it all worked.

‘Test run must be created with at least one test case’ error when using TCM

I have been setting up some integration tests as part of a release pipeline. I am using TCM.EXE to trigger tests from the command line. Something along the lines

TCM.exe run /create /title:"EventTests" /collection:"http://myserver:8080/tfs” /teamproject:myteamproject /testenvironment:"Integration" /builddir:\\server\Drops\Build_1.0.226.1975”  /include /planid:26989  /suiteid:27190 /configid:1

I kept getting the error

‘A test run must be created with at least one test case’

Strange thing was my test suite did contains a number of test, and they were marked as active.

The issue was actually the configid it was wrong, there is no easy way to check them from the UI. use the following command to get a list of valid IDs

TCM.exe configs /list   /collection:"http://myserver:8080/tfs” /teamproject:myteamproject

Id        Name
--------- ----------------------------------------------------------------
35        Windows 8.1 ARM
36        Windows 8.1 64bit
37        Windows 8.1 ATOM
38        Default configuration created @ 11/03/2014 12:58:15
39        Windows Phone 8.1

Your can now use the correct ID, not one you had to guess

Linking VSO to your Azure Subscription and Azure Active Directory

I have a few old Visual Studio Online (VSO) accounts (dating back to TFSPreview.com days). We use them to collaborate with third parties, it was long overdue that I tidied them up; as a problem historically has been that all access to VSO has been using a Microsoft Accounts (LiveID, MSA), these are hard to police, especially if users mix personal and business ones.

The solution is to link your VSO instance to an Azure Active Directory (AAD). This means that only users listed in the AAD can connect to the VSO instance. As this AAD can be federated to an on-prem company AD it means that the VSO users can be either

  • Company domain users
  • MSA accounts specifically added to AAD

Either way it gives the AAD administrator an easy way to manage access to VSO. A user with a MSA, even if an administrator in VSO cannot add any unknown users to VSO. For details see MSDN. All straight forward you would think, but it I had a few issues.

The problem was I had setup my VSO accounts using a MSA in the form user@mycompany.co.uk, this was also linked to my MSDN subscription.  As part of the VSO/AAD linking process I needed to add the MSA user@mycompany.co.uk to our AAD, but I could not. The AAD was setup for federation of accounts in the mycompany.com domain, so you would have thought I would be OK, but back in our on-prem AD (the one it was federated to) I had  user@mycompany.co.uk as an email alias for user@mycompany.com. Thus blocked the adding of the user to AAD, hence I could got link VSO to Azure.

The answer was to

  1. Add another MSA account to the VSO instance, one unknown to our AD even as an alias e.g. user@live.co.uk 
  2. Make this user the owner of the VSO instance.
  3. Add the user@live.co.uk MSA to the AAD directory
  4. Make them an Azure Subscription administrator.
  5. Login to the Azure portal as this MSA, once this was done the VSO could be linked to the AAD directory.
  6. I could then make an AAD user (user@mycompany.com) a VSO user and then the VSO owner
  7. The user@live.co.uk MSA could then be deleted from VSO and AAD
  8. I could then login to VSO as  my user@mycompany.com AAD account, as opposed to the old user@mycompany.co.uk MSA account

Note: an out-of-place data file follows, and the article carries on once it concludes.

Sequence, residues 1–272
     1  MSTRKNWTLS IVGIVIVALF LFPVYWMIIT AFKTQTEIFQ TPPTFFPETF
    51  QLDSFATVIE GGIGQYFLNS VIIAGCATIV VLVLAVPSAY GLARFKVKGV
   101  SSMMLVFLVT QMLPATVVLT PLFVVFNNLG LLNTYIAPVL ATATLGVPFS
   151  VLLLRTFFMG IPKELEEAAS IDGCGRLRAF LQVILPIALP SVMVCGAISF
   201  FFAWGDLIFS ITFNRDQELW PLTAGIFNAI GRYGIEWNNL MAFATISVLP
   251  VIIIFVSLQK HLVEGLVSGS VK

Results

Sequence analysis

Simple wasn’t it!

We still had one problem, and that was user@mycompany.com was showing as a basic user in VSO, if you tried to set it to MSDN eligible flipped back to basic.

The problem here was we had not associated the AAD account user@mycompany.com with the MSA account user@mycompany.co.uk in the MSDN portal (see MSDN).

Once this was done it all worked as expected, VSO picking up that my AAD account had a full MSDN subscription.

Cannot see a TFS drops location from inside a network isolated environment for Release Management

I have posted before about using Release Management with Lab Management network isolation. They key is that you must issue a NET USE command at the start of the pipeline to allow the VMs in the isolated environment the ability to see the TFS drops location.

I hit a problem today that a build failed even though I had issued the NET USE.

I got the error

Package location '\\store\drops\Sabs.Main.CI\Sabs.Main.CI_2.5.178.19130\\' does not exist or Deployer user does not have access.

Turns out the problem was I had issued the NET USE as \\store.blackmarble.co.uk\drops not \\store\drops it is vital the names match up. Once I changed this my NET USE all was OK

VSO now available in a European Azure Data Center

I don’t normal do posts that are just re-posts of TFS announcements, it is much better to get the information first hand from the original post, but this one is significant for us in Europe…

Up to now there has been a barrier to adoption of VSO that the underlying data will be hosted in the USA. Now there are all the usual Azure Microsoft guarantees about data security, but this has not been enough for some clients for legal, regulatory or their own reasons. This has made VSO a non-starter for many European’s where it at first appears a great match.

As of today you can now choose to host your new VSO account in Europe (Amsterdam data center). It won’t remove everyone's worries of cloud hosting, but certainly is a major step in the right direction from a European point of view, addressing many regulatory barriers.

Unfortunately we will have to wait a few sprints to be able to migrate any existing VSO instances, but you can’t have everything in one go!

For the full details have a look at Brian Harry’s and Jamie Cool’s posts